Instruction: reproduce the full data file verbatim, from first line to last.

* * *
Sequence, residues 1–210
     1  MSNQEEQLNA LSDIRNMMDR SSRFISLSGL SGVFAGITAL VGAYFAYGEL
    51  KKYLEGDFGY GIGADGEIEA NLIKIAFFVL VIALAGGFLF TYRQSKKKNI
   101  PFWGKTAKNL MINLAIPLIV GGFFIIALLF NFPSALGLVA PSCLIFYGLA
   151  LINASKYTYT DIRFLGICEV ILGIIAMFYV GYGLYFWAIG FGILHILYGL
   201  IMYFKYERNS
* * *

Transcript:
Sequence, residues 1–210
     1  MSNQEEQLNA LSDIRNMMDR SSRFISLSGL SGVFAGITAL VGAYFAYGEL
    51  KKYLEGDFGY GIGADGEIEA NLIKIAFFVL VIALAGGFLF TYRQSKKKNI
   101  PFWGKTAKNL MINLAIPLIV GGFFIIALLF NFPSALGLVA PSCLIFYGLA
   151  LINASKYTYT DIRFLGICEV ILGIIAMFYV GYGLYFWAIG FGILHILYGL
   201  IMYFKYERNS